Due in large part to the tangibility of these outcomes, Poilievre’s critique of the gatekeepers has the potential to be a politically potent message. As Ben Woodfinden recently wrote for The Hub, it appeals to a significant mix of core conservative voters, populists, younger Canadians, and those who increasingly feel “left behind.” This constellation of voters could form the basis of a broad-based coalition capable of competing for national power. 

Poilievre’s message has tended to focus on housing, which is intuitive both because of the magnitude of the supply-driven price increases (20 percent year-over-year) and the issue’s political salience. But there’s scope to extend his narrative more broadly to describe how government policy —from drug approvals to occupational licensing—is contributing to artificial scarcity across the entire economy. 

This point is worth underscoring: Poilievre is not only on the right track but, if anything, he may be underestimating the relevance, scope, and appeal of his gatekeeper narrative. He can draw on a growing intellectual and political movement calling for a new supply-side agenda—what The Atlantic’s Derek Thompson has defined as an “abundance agenda”—as a much-needed response to today’s twin economic challenges of rising inflation and slow growth. 

These “new industrialists”, as Bloomberg columnist Noah Smith has called them, come from different political persuasions and intellectual backgrounds but they share one common idea: we need to unshackle the modern economy so we can build and produce more stuff.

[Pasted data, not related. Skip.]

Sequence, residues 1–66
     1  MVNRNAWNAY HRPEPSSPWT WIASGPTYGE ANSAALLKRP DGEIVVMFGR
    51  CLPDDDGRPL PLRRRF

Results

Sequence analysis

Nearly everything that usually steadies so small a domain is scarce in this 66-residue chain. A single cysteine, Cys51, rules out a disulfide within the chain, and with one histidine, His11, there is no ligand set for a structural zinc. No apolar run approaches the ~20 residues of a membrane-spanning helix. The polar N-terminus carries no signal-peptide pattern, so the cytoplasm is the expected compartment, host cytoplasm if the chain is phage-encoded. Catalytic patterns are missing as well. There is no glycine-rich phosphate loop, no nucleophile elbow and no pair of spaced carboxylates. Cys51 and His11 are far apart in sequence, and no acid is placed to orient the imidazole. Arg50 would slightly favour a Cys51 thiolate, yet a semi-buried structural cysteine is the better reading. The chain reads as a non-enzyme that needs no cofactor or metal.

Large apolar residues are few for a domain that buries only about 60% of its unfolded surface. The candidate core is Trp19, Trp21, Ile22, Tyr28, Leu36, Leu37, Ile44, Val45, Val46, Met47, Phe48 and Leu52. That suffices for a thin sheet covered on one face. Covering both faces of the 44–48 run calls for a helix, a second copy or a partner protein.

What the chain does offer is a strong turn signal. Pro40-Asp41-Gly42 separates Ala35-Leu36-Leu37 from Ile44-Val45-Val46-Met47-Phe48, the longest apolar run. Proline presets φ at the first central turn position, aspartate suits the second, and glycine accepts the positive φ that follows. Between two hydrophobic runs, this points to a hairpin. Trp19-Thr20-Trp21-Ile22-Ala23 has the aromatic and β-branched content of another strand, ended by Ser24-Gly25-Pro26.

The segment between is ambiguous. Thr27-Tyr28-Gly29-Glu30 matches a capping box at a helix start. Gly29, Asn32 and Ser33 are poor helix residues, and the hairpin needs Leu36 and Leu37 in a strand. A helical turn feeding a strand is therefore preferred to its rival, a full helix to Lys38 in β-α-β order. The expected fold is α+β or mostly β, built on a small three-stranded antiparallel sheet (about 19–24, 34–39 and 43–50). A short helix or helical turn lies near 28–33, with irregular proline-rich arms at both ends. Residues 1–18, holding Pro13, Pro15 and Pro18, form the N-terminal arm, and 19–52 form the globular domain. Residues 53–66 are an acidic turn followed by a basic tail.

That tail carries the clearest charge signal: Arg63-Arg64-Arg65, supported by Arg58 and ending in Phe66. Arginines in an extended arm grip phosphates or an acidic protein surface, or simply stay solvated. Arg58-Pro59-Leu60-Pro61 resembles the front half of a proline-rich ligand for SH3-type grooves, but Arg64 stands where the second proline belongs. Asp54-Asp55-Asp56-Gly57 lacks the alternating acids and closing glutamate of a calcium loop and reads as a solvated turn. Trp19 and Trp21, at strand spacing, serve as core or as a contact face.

Their basic insight is that the progressive focus on demand-side policies—namely, redistributionist changes to the tax and transfer system—may advance certain equity goals but they’re no substitute for a pro-growth policy agenda.“Canada’s economic sluggishness long predates the COVID-19 crisis. The rate of economic growth has been falling decade-over-decade for the past fifty years. Average annual GDP growth per decade between 1960 and 2000 was 4.08 percent. It has been just 1.99 percent since the start of this century.” As a matter of economics, redistribution without growth is a recipe for stagflation. And, as a matter of politics, it’s a recipe for populism, polarization, and a diminished sense of progress. 

The unofficial manifesto of the “Building More Stuff” movement may be a 2020 essay by leading American venture capitalist Marc Andreessen entitled “It’s Time to Build”. It set out a comprehensive critique of the failings of Western economies to build and produce in the physical economy. In response, Andreessen called for a new Left-Right political consensus in favour of “building.”

Since then, such a consensus has started to take shape. Leading thinkers including New York Times columnist Ezra Klein, George Mason University economist Tyler Cowen, and even Treasury Secretary Janet Yellen have endorsed a new supply-side agenda focused on boosting production in key sectors such as advanced manufacturing, clean energy technologies, agriculture and agri-food, and biomedicine.